INFANTS USUALLY SHOW ONE OF THREE MAJOR temperaments, and each calls for particular insights and attention.

Cautious Babies

Some babies are just very hesitant, approaching new foods, new teachers, and new situations with wariness. Cautious babies may exhibit lower activity and more somber moods, even if they are securely attached to you and their parents. If pushed or urged too much, shy, tentative babies pull back and may look scared.

Fussy Babies

Some babies are very sensitive. Getting to sleep or waking up may cause them distress. These babies are often irritable. They are sensitive to touch or to any change in position, such as during diapering, and respond with intense crying to small changes in routines. These are infants who take a long time to adapt, responding to daily separations with extreme distress. These babies can be frustrating to care for, especially when there are several infants in one environment. Since they have difficulty managing body rhythms, it is harder to predict when they are hungry, sleepy, or need a diaper change.

Always try to remember that a fussy baby is not "spoiled" if she cries every day when left in your care. She is responding to her own discomfort. Offer generous caresses.

Easygoing Babies

Easygoing babies are often in a pleasant mood. They tend to have more regular body rhythms (such as eating and sleeping) and a moderate activity level. Rather than avoiding new experiences, as the cautious baby does, an easygoing infant will often welcome new situations, new foods, or a new classroom aide. These babies adapt easily to routines and to change.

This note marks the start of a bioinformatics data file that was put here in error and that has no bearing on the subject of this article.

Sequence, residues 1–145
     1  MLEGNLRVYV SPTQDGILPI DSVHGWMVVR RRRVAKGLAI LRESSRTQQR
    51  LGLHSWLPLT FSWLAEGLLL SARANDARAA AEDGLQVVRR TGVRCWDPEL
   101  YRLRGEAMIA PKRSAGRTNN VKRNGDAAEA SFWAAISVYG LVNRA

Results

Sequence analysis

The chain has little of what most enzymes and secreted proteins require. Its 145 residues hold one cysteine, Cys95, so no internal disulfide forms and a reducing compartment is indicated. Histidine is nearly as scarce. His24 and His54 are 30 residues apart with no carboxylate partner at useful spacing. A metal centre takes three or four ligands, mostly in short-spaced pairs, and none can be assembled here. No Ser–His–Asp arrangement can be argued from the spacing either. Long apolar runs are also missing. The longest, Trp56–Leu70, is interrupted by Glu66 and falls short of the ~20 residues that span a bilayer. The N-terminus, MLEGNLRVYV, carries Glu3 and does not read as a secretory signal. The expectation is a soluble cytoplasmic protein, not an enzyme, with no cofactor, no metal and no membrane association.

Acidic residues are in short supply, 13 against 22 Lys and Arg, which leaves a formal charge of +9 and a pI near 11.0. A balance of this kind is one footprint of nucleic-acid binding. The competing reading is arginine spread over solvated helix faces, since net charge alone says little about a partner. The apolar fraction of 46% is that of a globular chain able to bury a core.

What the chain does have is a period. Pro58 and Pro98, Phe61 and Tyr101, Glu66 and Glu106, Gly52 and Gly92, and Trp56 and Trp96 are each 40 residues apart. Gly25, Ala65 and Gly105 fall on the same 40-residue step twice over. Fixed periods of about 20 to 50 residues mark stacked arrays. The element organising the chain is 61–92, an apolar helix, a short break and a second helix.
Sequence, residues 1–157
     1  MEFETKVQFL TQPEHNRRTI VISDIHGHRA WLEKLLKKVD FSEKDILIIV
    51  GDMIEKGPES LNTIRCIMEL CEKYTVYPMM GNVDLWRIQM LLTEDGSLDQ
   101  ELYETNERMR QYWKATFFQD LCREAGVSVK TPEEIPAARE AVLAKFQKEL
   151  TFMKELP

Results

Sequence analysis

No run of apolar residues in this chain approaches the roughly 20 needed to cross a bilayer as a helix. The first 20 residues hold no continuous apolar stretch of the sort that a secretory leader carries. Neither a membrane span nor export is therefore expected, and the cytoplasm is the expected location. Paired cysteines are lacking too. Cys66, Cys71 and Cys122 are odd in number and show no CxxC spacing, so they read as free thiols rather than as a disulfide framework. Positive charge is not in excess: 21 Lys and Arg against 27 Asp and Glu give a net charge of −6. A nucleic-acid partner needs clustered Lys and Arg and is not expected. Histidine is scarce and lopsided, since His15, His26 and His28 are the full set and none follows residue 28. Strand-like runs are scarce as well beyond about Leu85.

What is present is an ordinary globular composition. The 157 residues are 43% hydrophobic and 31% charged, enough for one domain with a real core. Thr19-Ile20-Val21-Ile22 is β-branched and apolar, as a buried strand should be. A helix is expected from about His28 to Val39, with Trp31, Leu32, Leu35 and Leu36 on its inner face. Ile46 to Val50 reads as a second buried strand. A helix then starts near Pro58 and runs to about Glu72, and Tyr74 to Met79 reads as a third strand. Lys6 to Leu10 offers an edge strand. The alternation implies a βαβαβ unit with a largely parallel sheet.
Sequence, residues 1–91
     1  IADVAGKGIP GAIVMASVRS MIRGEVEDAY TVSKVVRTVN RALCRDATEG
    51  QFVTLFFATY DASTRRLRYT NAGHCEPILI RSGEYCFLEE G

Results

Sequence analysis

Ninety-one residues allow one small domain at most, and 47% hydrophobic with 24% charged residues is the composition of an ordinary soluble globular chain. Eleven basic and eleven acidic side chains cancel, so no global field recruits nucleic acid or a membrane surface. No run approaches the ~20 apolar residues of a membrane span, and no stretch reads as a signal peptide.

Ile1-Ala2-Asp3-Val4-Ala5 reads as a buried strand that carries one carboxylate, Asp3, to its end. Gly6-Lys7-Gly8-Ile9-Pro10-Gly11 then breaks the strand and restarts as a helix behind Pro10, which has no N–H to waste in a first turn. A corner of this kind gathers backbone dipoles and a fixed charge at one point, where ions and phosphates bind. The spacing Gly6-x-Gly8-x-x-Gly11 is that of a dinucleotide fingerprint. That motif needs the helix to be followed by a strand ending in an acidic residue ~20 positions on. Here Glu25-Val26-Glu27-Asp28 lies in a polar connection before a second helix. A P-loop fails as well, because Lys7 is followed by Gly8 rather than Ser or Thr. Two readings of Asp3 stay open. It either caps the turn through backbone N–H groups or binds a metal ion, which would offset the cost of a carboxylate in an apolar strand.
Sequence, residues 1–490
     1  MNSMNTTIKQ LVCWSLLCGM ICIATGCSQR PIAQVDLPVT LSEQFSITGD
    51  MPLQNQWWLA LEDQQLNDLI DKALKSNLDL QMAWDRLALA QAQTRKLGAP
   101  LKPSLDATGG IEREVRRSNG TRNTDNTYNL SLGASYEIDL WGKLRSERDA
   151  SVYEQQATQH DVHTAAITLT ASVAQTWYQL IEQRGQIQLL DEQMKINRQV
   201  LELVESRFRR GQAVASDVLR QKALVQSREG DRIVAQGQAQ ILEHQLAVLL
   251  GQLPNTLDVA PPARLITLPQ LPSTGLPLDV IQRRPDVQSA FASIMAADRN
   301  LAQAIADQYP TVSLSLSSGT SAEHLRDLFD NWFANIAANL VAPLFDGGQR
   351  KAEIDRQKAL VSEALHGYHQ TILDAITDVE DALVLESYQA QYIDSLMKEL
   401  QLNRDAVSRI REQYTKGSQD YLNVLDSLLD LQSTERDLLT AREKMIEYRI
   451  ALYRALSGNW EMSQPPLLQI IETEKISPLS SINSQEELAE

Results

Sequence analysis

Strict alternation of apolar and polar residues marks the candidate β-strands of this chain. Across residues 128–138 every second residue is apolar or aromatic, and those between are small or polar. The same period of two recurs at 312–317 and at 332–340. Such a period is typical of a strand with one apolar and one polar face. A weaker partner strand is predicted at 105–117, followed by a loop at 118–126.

Because she doesn't cry or fuss much, she may not be getting as much attention as those babies who do. So be sure that easygoing babies get plenty of personal attention from you throughout the day. Offer them lots of cuddles, smile at them from across the classroom, and send admiring glances their way.

Toddlers and Temperaments

Temperament styles differ remarkably among toddlers. The three most prevalent are fearful/shy; irritable/active/fussy; and easy. Don't expect the fearful toddler to join readily in a group activity. Take him to the activity and stay there until he seems adjusted to the new situation. Step back as you pick up cues that he is comfortable and well engaged with the materials or his playmates.

Gather up lots of patience, and try to keep a good sense of humor when caring for fussy toddlers. Developing a calm acceptance of the reality of a child's particular temperament also helps.

When all the teachers in the classroom tune in to individual temperaments, you will find ways to help each child flourish. ECT